There are many senior housing options available these days, with a senior housing environment to fit almost every need. The number of care types and styles of senior living communities are almost endless, ranging from a little bit of help around the home to skilled nursing care and everything in between. While choice is nice, having too many options can make it difficult for you to choose the right care for mom, dad, or even yourself in the future.
Each senior housing option is different— some feature a variety of amenities while others focus on providing medical care. Learning about these differences makes it easier to choose the best solution for you and your loved one.
Independent Living Communities
Also known as retirement communities, congregate care, or senior apartments, independent living communities cater to independent seniors in very good health. These communities feature fully equipped private apartments that range in size from cozy studios to spacious two-bedroom units. Residents can usually cook in a full or limited kitchen or enjoy on-site fine dining and individualized meal packages. Many communities offer social outings and a complete calendar of entertainment events.
Most independent living communities are private pay, although Section 202 provides for some U.S. government funding that helps seniors live independently but supports essential activities, such as cooking, cleaning, and transportation.
An assisted living community may be a perfect fit for the senior who is no longer able to live on her own safely but who does not require around-the-clock nursing care. Also known as an assisted care or personal care facility, an assisted living community offers residents a variety of services—though often for an additional fee—that provide assistance with activities of daily living, medication management, meal preparation, and housekeeping.
Residents live in private apartments with a limited kitchen area as these communities usually provide meals in a central dining room. Assisted living facilities are typically staffed 24-hours a day for safety and offer licensed nursing services during limited hours. Most assisted living communities offer scheduled transportation and social activities. Some communities, but not all, feature a special unit for residents with Alzheimer’s disease.
Note that most assisted living communities are private pay, but some do take Medicaid.
A nursing home is the best option for a senior who needs a high level of medical assistance and nursing care. Nursing homes provide 24-hour skilled nursing services provided by licensed nurses.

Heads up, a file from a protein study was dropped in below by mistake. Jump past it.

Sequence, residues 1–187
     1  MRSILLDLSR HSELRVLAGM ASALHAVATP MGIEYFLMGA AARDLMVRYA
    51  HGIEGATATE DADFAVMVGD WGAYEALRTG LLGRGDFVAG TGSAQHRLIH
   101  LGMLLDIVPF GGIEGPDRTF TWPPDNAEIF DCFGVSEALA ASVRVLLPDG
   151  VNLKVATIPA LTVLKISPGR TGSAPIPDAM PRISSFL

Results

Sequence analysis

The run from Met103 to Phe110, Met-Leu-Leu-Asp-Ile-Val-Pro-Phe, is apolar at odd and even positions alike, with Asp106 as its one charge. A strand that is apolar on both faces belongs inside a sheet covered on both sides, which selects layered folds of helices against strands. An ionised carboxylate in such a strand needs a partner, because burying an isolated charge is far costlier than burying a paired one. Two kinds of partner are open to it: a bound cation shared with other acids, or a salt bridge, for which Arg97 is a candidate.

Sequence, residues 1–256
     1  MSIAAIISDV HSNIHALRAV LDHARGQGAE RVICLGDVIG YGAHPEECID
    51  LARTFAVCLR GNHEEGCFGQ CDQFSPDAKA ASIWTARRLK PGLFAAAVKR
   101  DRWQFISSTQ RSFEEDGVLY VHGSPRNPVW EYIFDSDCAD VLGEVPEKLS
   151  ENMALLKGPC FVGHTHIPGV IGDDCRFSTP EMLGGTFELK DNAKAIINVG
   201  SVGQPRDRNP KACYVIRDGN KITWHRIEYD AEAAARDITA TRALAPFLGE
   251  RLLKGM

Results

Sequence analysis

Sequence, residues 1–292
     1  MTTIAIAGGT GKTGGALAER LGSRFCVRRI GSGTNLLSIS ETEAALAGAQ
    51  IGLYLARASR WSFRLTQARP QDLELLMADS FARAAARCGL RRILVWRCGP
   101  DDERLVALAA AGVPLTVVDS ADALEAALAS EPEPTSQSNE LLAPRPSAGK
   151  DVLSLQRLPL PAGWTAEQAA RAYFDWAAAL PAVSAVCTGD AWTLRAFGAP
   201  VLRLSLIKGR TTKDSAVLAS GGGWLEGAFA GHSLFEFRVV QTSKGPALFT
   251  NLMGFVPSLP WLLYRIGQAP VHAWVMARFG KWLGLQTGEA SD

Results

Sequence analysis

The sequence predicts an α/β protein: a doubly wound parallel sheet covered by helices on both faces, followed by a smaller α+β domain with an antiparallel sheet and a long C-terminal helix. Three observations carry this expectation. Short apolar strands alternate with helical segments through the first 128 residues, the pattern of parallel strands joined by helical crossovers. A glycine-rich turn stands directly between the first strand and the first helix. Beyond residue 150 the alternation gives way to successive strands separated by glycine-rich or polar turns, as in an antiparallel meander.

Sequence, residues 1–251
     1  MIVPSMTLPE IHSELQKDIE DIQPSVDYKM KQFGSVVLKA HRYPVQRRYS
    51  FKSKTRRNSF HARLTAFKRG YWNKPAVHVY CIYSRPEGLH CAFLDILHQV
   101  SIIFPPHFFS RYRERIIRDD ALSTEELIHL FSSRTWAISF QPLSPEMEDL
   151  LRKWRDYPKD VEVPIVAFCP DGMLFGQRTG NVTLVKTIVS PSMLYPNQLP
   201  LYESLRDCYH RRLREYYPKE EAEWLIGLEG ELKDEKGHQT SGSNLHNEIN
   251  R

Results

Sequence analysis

Nursing homes offer services for seniors who require extensive or long-term care for complex medical conditions. Residents usually share a room but enjoy meals in a central dining area as health permits. Also known as convalescent care, long-term care, skilled nursing, or nursing centers, most nursing homes offer on-site activities. Some nursing homes offer a separate unit for residents with Alzheimer’s disease.
Remember that Medicare does not cover non-medical expenses, so if mom only needs custodial care (help with everyday tasks like grooming or bathing), you’ll need to look into alternative forms of coverage like Medicaid (which is subject to a certain spend-down limit) or private long term insurance.
Respite care provides caregivers a temporary break by offering seniors for a short-term stay in an assisted living community or nursing home. Many different types of communities offer respite care programs which will temporarily house an older adult for anywhere from a week to a month, depending on the senior or caregiver’s needs.
These temporary residents enjoy all the services available to full-time residents, including meals, nursing care, and opportunities to participate in events and outings. In fact, for many seniors, respite care offers a way for seniors to become acquainted with the lifestyle and services that would be offered as a full-time resident of the community.
Also known as adult day care or short-term stay programs, some respite programs offer services for seniors with Alzheimer’s disease.
Respite care is usually private pay though it can be funded by Medicaid in certain circumstances.
In-home care provides regular care for mom at home. Also known as home health care or in-home personal care, home care helps seniors live as independently as possible in their own homes.
Home care aides can help seniors bathe, dress, prepare meals and perform other activities of daily living, provide emotional support and companionship and may even offer help with transportation, paying bills, and making appointments. Skilled nursing care tends to be out of scope for most home health agencies as aides are not licensed medical professionals though some agencies may offer limited medical care from visiting nurses.
Depending on the program, Medicare or Medicaid may pay for in-home care services.
Each type of senior housing community provides seniors with different conveniences and services. Knowing the subtle differences between each type of senior housing will help you make the right choice for yourself and your family.